Prime Numbers: Activities with Smartick
In previous posts we’ve learned about prime numbers and composite numbers. Today we’re going to look at different sequenced activities involving prime numbers that Smartick students work on. We’ve included examples of different types and levels, from identifying whether a number is prime or composite to finding the least common multiple and highest common factor through prime factor decomposition. Let’s jump right in with the first example:
Identifying Prime Numbers
This activity asks students to identify whether a number is prime or composite.
7 is a prime number because it is only divisible by 1 and 7.
Factorization of Composite Numbers
These types of exercises require the student to find three different multiplications that give the same result (the composite number).
In this example there are three solutions:
The first would be to multiply 1 x 12, the second 2 x 6 and the third 3 x 4. This shows us that the number is not prime, because it is divisible by other numbers other than 1 and itself. We also learn that there are other possibilities, in addition to factorization with prime numbers.
Prime Numbers and Rules of divisibility
We learned about divisibility criteria in a previous post. There are also Smartick exercises that require us to work out which numbers are prime and which aren’t, by applying these criteria.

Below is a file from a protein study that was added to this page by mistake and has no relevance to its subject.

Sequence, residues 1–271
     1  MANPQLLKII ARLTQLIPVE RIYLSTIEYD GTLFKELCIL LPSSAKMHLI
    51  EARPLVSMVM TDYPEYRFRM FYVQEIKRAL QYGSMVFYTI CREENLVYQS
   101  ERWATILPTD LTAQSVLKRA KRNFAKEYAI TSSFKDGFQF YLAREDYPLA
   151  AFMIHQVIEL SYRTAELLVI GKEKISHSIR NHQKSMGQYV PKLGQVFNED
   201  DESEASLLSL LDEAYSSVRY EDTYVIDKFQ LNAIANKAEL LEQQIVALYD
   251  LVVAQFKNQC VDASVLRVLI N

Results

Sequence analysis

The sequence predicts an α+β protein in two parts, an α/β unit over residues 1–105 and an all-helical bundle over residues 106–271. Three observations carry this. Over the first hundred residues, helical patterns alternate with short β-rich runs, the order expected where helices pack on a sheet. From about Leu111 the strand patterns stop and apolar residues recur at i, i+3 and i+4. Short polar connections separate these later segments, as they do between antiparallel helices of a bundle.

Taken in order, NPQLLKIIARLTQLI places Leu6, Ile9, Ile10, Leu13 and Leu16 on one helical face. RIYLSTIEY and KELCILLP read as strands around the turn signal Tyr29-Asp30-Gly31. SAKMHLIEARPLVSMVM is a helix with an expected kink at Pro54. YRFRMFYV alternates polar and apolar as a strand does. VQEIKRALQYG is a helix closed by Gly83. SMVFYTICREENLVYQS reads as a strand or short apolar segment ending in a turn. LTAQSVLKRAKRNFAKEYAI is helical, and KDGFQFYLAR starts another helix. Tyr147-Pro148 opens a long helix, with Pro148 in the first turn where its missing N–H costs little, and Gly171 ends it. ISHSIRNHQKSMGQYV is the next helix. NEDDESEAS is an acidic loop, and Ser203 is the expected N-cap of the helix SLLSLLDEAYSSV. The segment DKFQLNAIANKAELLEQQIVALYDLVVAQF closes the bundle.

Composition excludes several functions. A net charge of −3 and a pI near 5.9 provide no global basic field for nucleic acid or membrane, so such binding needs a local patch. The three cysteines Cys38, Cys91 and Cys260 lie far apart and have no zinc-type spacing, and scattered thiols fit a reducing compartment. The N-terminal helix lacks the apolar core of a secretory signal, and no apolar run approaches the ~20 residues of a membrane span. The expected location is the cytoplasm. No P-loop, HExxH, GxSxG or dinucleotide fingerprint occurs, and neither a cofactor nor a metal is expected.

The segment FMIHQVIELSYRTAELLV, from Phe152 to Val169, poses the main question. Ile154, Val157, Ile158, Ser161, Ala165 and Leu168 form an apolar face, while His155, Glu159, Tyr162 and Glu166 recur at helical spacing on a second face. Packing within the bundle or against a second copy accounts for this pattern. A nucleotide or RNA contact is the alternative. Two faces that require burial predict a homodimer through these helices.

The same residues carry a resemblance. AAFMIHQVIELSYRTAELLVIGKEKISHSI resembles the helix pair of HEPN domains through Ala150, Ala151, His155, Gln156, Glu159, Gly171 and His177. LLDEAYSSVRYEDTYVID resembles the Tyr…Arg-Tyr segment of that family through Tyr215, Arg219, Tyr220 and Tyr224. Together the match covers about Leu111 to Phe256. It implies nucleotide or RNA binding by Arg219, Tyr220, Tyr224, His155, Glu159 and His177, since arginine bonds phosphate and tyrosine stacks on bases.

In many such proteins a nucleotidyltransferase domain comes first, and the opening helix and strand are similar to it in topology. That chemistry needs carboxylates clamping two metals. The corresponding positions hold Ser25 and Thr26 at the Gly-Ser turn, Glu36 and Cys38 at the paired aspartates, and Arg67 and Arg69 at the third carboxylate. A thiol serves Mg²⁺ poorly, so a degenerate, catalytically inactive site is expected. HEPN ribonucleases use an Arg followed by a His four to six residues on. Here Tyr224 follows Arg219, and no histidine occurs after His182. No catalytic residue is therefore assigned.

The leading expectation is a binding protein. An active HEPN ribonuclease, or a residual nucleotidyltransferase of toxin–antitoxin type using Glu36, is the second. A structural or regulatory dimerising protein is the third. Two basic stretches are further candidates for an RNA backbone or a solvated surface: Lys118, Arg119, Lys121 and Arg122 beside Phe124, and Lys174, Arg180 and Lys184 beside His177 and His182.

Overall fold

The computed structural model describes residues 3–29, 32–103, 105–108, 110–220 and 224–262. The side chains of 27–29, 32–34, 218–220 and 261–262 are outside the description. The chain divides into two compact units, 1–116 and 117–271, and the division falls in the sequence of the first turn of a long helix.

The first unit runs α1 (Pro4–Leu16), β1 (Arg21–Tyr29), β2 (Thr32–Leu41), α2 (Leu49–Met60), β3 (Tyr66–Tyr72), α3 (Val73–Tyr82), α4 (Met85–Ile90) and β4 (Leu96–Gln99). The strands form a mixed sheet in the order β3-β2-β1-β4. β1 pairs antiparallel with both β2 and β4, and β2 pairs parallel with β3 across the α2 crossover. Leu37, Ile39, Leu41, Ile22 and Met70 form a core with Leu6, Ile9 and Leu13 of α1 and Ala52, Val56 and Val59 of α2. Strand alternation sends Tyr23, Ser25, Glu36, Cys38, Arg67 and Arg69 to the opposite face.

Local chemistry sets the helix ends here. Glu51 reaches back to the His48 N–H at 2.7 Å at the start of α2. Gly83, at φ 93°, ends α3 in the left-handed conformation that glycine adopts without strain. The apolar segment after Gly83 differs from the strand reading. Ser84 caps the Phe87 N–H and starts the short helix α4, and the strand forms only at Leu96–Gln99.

We have to select the numbers 5, 7, 17, 23, and 37. These numbers are only divisible by 1 and themselves. The rest are divisible by other numbers. Following the divisibility criteria, 4 is divisible by 2, 27 is divisible by 3, 35 is divisible by 5 and 39 is divisible by 3. Therefore they are not prime numbers.
Finding the Highest Common Factor through Factorization with Prime Numbers
To find the HCF of 8 and 12, we need to decompose these two numbers into their prime factors and find the common factors raised to the smallest exponent.
8 = 2 x 2 x 2, and 12 = 2 x 2 x 3. The only common factor is 2, and the smallest exponent it is elevated to is also 2. 2 x 2 = 4
If you want to keep practicing exercises involving prime numbers and much more, you can log in to Smartick and try it for free to learn much more elementary math!
- Explanation of the Formula to Calculate the Least Common Multiple
- Prime Numbers and Composite Numbers
- How to Calculate Least Common Multiple
- Factorization: What Is It and How Is It Done?
- Divisibility Criteria from 2 to 13 and an Example
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